By Tom Aschauer, Vice President, Executive Creative Director
I was asked to do the Super Bowl blog this year because, “Well, you know, you’re in the creative department and it’s the Super Bowl.”
“Yeah and we were hoping you’d do a review of all the spots.”
Aren’t there already a ton of those out there? I mean everybody does Super Bowl Advertising reviews. Besides, what if I don’t want to watch the whole game?
“Well, I guess you can do something else if you want.”
And so. Who cares about this year’s game? Let’s go back to the “dot-com” bowl of 2000, and my favorite Super Bowl ad of all time.
It was an E*TRADE spot. Not the “He’s got money out the wazoo” spot, which was pretty good, but the one that opened on a couple of inbred, odd-looking characters sitting in a garage, one on a cheap lawn chair, the other on a cooler. A monkey runs into the garage with a boom box (back before white ear buds had taken over the planet) and pushes the play button. A cheap, cheesy version of “La Cucaracha” starts playing. (BTW, translated, the lyrics are, “The cockroach can no longer walk because he doesn’t have hind legs.)
The odd-ball characters start slapping their hands in sync with the song and start swaying back and forth. The monkey, dressed in an E*TRADE T-shirt, stands on a small trash can and starts waving his hands wildly in the air. This goes on for about 10 seconds and then a super comes up that reads “Well, we just wasted 2 million bucks” and then, “What are you doing with your money?” cut back to the inbred characters with their monkey smiling at the camera and then cut to a big E*TRADE logo.
And just why is it my favorite?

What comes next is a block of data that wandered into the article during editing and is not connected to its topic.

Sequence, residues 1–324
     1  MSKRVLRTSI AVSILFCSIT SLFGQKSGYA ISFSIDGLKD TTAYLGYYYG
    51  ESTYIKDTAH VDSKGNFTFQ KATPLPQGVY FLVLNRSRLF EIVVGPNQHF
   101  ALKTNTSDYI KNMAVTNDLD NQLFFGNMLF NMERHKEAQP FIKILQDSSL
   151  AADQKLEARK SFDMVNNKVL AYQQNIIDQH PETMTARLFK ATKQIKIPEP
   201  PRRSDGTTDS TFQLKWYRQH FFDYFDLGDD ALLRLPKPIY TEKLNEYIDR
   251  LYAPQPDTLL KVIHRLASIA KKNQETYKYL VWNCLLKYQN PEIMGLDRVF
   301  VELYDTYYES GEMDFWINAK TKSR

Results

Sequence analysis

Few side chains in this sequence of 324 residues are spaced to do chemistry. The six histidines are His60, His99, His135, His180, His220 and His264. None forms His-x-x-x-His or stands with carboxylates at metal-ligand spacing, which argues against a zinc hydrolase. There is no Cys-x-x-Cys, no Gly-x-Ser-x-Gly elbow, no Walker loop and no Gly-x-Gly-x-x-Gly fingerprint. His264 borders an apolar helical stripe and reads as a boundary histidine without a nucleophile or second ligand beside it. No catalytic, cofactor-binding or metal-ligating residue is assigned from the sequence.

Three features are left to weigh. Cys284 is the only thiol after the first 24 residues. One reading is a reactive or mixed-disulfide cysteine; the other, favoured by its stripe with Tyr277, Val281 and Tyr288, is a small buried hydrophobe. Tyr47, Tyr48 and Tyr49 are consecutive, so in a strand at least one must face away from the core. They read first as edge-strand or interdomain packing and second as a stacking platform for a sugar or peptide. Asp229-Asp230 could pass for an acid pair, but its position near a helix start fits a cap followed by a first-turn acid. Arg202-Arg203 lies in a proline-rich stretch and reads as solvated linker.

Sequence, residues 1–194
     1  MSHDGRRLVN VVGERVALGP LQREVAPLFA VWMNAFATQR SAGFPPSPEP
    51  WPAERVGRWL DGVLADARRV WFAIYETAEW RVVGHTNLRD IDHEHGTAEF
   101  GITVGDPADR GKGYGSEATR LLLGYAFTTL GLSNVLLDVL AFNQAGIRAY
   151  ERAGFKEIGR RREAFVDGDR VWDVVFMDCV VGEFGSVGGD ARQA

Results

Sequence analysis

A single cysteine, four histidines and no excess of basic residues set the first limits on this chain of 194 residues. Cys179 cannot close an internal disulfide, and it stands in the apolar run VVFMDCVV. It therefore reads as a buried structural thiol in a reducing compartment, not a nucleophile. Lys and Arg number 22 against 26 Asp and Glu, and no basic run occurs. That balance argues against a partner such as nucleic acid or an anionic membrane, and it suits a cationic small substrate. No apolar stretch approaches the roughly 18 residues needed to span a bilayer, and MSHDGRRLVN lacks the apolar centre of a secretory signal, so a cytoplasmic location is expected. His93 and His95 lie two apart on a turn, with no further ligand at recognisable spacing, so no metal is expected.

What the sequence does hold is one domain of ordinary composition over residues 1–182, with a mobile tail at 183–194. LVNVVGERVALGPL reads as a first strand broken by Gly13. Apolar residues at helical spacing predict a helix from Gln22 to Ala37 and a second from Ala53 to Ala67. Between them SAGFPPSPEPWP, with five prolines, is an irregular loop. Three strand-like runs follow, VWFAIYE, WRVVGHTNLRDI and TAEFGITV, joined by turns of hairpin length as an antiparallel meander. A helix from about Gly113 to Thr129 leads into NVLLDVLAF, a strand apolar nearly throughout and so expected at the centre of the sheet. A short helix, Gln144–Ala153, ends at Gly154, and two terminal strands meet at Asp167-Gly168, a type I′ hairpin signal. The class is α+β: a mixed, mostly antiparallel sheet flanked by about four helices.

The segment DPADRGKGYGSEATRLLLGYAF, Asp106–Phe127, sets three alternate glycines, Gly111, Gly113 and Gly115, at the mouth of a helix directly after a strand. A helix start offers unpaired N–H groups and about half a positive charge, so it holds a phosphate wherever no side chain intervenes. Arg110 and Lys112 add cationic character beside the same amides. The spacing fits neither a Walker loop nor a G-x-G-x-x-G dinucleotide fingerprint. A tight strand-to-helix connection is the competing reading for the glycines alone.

Are you kidding? It was fun just to write a synopsis of that spot.
It’s fun to imagine the reaction of the marketing director in the room when he first had it pitched to him. “Wait, did you say we open on a couple of inbred, odd-looking characters in a garage with a monkey?”
Because it was bizzaro before bizzaro became normal.
Because it poked fun at itself.
Because it was the epitome of what was going on at that time. Wild speculation and day-trading had the stock market looking like an EKG readout.
Because it was crafted by people who do this for a living, not as some publicity stunt where a large snack food maker cons its target audience into filming its commercials for free. Can you imagine the head of marketing for that large snack food maker being told that it has decided to crowd source next year’s marketing plan, and he can pack up his stuff and go home?
Because, you know what, it’s now 14 years later and I can still remember that spot like I saw it last night, and personally I can’t remember a single spot from last year’s game.
On a side note, you don’t really even have to watch the Super Bowl anymore to see the commercials. I suppose that’s been true in the past where you could wait until after the game and read one of the many reviews, but this year I have a feeling I’ve already seen most of the spots. I’ve seen Volkswagen’s, Hyundai’s, Audi’s, Kia’s, Toyota’s, Squarespace’s (perhaps the most confusing of the bunch), Go Daddy’s, and Dannon’s. Or at least those are the one’s that have showed up on Facebook at this point (and as of the writing on this piece, we’ve still got a half a week before the game). And several of these companies even did teasers for their spots. Now, why do a teaser if you’re just going to release the spot before the game? Maybe it was a crowd sourced idea.